Another thing Phillips did not do is explain WHY Alice’s claims were allowed. The justices seemed insistent that the claimed invention is just “settlement.” During prosecution, there were features which were the basis why the USPTO felt the claims were non-obvious over the prior art. Why wouldn’t Phillips explain this to the Court that the patent coverage isn’t just the age-old “settlement” principle but explain the new, non-obvious features?

  17. EG March 31, 2014 6:03 pm


    From what I’ve scanned so far, Breyer is true to form: pontificating absurd hypotheticals (what I call the “King Tut” invention using an abacus) having nothing to do with the claimed subject matter at issue. Breyer simply repeats and carries on with the same nonsense he’s done at other oral arguments involving patent cases, KSR International being the first such instance with his nonsensical “raccoon invention.”

    In addition, Breyer is also extremely rude to the advocate (Phillips); he won’t even let the advocate (Phillips) respond to the first question he’s asked before moving onto to spew the agenda he wants all on the bench to hear. How would Breyer feel being interrupted this way (no at all and he would likely scorch the advocate for doing so)? I’ve got nothing but loathing for this “philosophy wonk” of a Justice who is intellectually dishonest, hypocritical, as well as continually (and frankly unprofessionally) demeaning what I and other patent attorneys/patent agents try to do for our clients (referring to Breyer’s obviously intended derogatory comment about the “draftsman’s art” in Mayo).

  18. step back March 31, 2014 6:30 pm


    I’m sticking with my earlier prediction that any case involving a TBTF Bank (a.k.a. corporate person which more equal than other animals on the farm) versus a small entity (a.k.a. pejoratively dismissed by use of the T-word) is going to end up with the TBTF (Too Big To Fail) entity winning.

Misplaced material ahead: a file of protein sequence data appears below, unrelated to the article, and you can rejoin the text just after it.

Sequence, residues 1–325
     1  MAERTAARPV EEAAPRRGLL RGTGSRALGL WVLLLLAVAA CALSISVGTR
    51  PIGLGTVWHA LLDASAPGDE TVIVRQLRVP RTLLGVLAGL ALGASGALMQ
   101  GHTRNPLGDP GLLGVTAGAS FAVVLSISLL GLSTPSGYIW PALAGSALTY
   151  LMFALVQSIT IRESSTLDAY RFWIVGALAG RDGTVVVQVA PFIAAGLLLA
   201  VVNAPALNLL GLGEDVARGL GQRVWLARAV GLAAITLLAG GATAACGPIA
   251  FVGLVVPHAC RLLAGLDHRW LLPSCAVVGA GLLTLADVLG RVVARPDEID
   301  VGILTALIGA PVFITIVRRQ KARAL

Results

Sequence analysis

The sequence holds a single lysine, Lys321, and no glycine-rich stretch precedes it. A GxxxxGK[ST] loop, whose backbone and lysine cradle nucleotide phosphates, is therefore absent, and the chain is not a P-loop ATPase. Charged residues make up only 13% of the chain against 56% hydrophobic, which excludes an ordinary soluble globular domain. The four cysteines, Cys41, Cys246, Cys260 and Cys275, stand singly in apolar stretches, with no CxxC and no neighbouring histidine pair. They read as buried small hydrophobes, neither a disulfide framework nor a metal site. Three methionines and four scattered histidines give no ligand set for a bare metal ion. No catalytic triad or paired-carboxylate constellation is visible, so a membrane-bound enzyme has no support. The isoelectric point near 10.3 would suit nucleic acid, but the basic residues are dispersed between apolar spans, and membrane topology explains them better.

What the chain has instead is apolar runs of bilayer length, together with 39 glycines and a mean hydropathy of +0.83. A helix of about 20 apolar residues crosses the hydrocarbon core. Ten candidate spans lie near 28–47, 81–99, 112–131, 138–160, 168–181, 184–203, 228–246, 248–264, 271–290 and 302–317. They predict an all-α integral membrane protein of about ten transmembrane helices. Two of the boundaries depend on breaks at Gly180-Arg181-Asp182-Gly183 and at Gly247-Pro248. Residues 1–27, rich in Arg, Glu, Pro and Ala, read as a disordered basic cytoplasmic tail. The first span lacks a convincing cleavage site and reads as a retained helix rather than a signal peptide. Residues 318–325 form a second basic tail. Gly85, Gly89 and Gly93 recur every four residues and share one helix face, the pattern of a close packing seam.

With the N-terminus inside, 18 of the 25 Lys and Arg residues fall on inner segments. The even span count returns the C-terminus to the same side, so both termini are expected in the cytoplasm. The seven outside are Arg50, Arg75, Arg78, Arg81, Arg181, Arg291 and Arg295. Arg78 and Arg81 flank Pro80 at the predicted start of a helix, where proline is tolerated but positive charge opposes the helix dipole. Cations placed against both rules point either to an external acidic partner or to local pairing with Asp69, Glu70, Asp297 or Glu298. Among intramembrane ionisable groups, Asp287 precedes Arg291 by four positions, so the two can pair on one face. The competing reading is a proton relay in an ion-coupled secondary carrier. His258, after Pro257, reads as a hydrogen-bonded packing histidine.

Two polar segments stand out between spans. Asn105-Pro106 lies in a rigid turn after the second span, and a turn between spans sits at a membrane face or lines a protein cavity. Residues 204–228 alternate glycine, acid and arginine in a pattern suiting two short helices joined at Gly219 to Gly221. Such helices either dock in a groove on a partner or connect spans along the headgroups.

Most TBTF financial institutions have a stake in seeing to it that computerized financial inventions, if owned by a small guy, are crushed. So that’s the way the majority is going to come down on this (irrespective of what the “facts” are).

    BTW, do you know which Silicon Vally coffee shop those we-can-do-any-idea-you-have-over-the-weekend “coders” hang out at?

    My “idea” was a computer program that correctly predicts stock market prices 2 days ahead of time. 😉

  19. Anon March 31, 2014 7:01 pm

    Saw this on that other blog…

    It’s not two days in real time, but in the ‘abstract’ world of computer time, it may suffice to squeeze out a tidy profit.

    And yes, I am reminded of Michael Bolton’s antics in Office Space (no, not that Michael Bolton).

  20. Dale B. Halling March 31, 2014 7:41 pm


    Thanks for the analysis.

  21. Dale B. Halling March 31, 2014 7:44 pm


    Thanks for that excellent interview. I just have one small bone to pick patents are PROPERTY RIGHTS they are not MONOPOLIES. Blackstone actually analyzes patents and copyrights in his Commentaries and makes this point. A property right can never be monopoly.

  22. step back April 1, 2014 8:13 am


    Thanks to Justice Kennedy’s deep insights on the inventing process, I have another “idea”.

    This idea uses one of those smartphone thingy ma-jings. You know, like the Apple one or the Samsung one.
    It solves a problem that plagues many Americans and our very way of American street life.

    But before I explain my new and useful “idea”, let’s replay Justice Kennedy’s insight as well as Justice Ginsburg’s introduction regarding “ideas” of the subclass, abstract: